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By contactus@drjrobb.com
April 21, 2019
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Have you ever heard someone say “I would give my eye teeth for that”? The phrase suggests that your eye teeth are valuable and that giving them up would cause you hardship. Eye teeth are also called canine teeth. They seem to have gotten the name eye teeth because they are usually located below the eyes. They probably got the name canine teeth because they have a pointed biting surface that can be used for tearing food and because they resemble a dog’s tooth.

 

Canine teeth are really quite valuable. They are usually the longest rooted tooth in your mouth, and because of that, they are often the last teeth that a person loses if they lose teeth. The long root also makes them a good candidate for anchoring partials or bridges that replace your missing teeth. This is especially true for your lower arch, where your tongue can cause you problems with keeping a removable appliance in your mouth. The presence of even just the two eye teeth can make a big difference in keeping your lower appliance from moving around while you eat or talk.  (Dental implants are often put in the position of this tooth to help hold a lower denture in place—that’s how valuable this part of your mouth is!)

 

If you agree that you’d give your eye teeth to obtain your best dental health, we invite you to join Dr. Robb’s practice as a new patient.

 

*Note: The information in this article is not intended to replace the clinical judgement of your healthcare professionals.

 

Dr. Jennifer Robb is a general dentist with an office at 1612 Cooper Foster Park Rd., Lorain, OH 44053. You can reserve your seat by calling 440-960-1940. Dr. Robb can also be reached by way of the contact form on her website at www.drjrobb.com or find her on facebook at www.facebook.com/DrJenniferRobb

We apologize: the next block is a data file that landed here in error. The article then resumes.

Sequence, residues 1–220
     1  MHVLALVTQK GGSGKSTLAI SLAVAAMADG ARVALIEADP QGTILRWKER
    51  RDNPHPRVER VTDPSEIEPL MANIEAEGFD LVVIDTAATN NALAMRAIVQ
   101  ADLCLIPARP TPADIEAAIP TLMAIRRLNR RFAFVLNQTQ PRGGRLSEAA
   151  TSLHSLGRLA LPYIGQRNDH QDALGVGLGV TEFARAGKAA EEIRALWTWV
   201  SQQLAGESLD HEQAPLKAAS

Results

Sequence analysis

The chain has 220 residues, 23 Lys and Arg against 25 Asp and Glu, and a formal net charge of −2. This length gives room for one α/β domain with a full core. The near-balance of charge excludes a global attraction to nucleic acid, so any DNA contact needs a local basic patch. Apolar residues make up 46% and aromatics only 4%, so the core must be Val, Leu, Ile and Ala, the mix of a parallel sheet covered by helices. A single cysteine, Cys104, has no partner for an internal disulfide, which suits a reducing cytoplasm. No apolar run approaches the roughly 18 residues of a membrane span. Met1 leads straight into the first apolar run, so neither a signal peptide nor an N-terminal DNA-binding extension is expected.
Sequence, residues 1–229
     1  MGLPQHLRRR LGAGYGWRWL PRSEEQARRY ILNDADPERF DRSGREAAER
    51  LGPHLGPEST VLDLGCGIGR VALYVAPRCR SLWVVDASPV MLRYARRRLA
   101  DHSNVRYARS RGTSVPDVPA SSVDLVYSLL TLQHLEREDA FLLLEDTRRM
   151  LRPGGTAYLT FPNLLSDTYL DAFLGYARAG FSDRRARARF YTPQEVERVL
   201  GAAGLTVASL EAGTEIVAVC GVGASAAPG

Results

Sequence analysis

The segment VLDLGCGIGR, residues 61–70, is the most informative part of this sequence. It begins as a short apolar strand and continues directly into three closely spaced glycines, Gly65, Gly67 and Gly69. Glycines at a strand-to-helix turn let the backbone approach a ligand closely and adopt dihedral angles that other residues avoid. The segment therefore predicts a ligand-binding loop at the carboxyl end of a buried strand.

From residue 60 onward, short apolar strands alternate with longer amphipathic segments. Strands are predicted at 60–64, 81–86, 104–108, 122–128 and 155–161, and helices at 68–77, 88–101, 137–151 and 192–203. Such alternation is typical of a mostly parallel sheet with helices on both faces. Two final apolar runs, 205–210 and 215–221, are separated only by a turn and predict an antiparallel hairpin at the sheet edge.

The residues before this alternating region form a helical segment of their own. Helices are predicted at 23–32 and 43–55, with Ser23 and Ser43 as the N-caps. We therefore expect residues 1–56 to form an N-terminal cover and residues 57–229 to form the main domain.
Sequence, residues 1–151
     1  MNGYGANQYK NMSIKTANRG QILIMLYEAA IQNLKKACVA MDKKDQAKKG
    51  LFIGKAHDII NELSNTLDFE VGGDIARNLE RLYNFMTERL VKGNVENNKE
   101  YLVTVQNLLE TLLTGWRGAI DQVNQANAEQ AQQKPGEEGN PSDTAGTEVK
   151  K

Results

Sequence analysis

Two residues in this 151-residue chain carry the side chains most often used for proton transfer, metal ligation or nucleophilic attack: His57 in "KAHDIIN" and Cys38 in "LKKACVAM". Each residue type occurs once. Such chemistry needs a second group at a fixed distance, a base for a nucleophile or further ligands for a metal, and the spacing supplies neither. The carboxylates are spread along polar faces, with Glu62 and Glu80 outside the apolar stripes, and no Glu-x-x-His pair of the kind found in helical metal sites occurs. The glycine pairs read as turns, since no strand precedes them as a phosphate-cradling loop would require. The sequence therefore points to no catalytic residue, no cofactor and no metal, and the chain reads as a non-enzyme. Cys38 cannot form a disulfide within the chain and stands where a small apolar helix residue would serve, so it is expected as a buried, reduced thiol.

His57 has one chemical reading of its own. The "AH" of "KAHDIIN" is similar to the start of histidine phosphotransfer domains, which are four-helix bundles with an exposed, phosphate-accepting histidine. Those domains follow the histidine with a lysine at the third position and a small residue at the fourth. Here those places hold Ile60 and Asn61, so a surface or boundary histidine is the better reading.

By contactus@drjrobb.com
April 16, 2019
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For most of us, teeth do darken (usually to a more yellow shade) as we age. Tobacco, foods, beverages and tartar deposits can stain your tooth enamel. (Enamel is what covers your tooth. Dentin is what lies between the enamel and your nerve and it is what gives your tooth its color.) Anything that thins, wears down, or erodes your enamel can allow more of the dentin color to show through. (For teeth with amalgam or metal fillings or with crowns that contain metal under the porcelain, those can affect how color reflects through your tooth as well.)

 

If you don’t like the color of your teeth, what can you do?

 

Bleaching (in the dental office or at home) is the most common.  Bleaching (or whitening) will not change the shape of your teeth nor will it change the color of any fillings or crowns that you already have. So if you don’t like the shape or arrangement of your teeth this may not be the best choice for you. If you have fillings or crowns, you may need to plan to replace them once you get your natural teeth to the color that you want.

 

Should you do in-office or home whitening? It depends on your situation.

 

The pros of in-office whitening is that the dentist can customize the bleaching to your specific needs and wants (moreso than a kit bought off the shelf). The cons are:

 

  • Most in-office bleachings require more than one treatment.
  • The cost is higher than take home because of the chair time and professional supervision that is needed.
  • We need to protect your teeth and gums while applying the material—this means your teeth end up very dry and look very white just after the treatment. As your saliva rewets your teeth, the “whiteness” appears to fade. (Similar to how your jeans look darker when they’re wet coming out of the washer than they do once you’ve dried them.) This wet environment is the norm for our teeth.
  • Sensitivity (especially to cold) is common after any bleaching.

 

The pros of take home whitening are:

 

  • You can do it at your convenience (for anywhere from 30 minutes at a time to overnight).  There’s less time spent at the dental office.
  • Less expensive than In Office Whitening
  • It’s often stronger than what you can buy off the shelf.